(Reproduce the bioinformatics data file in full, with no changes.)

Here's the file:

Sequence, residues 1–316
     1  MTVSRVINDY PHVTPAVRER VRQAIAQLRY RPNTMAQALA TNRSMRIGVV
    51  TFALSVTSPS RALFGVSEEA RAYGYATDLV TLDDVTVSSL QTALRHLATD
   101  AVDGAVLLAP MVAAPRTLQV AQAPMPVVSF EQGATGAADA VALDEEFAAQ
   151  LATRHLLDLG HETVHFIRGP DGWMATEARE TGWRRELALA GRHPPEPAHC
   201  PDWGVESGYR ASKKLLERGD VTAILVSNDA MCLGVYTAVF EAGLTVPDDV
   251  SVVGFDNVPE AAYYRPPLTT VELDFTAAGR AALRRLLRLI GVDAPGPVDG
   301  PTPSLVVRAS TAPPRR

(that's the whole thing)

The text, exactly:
Sequence, residues 1–316
     1  MTVSRVINDY PHVTPAVRER VRQAIAQLRY RPNTMAQALA TNRSMRIGVV
    51  TFALSVTSPS RALFGVSEEA RAYGYATDLV TLDDVTVSSL QTALRHLATD
   101  AVDGAVLLAP MVAAPRTLQV AQAPMPVVSF EQGATGAADA VALDEEFAAQ
   151  LATRHLLDLG HETVHFIRGP DGWMATEARE TGWRRELALA GRHPPEPAHC
   201  PDWGVESGYR ASKKLLERGD VTAILVSNDA MCLGVYTAVF EAGLTVPDDV
   251  SVVGFDNVPE AAYYRPPLTT VELDFTAAGR AALRRLLRLI GVDAPGPVDG
   301  PTPSLVVRAS TAPPRR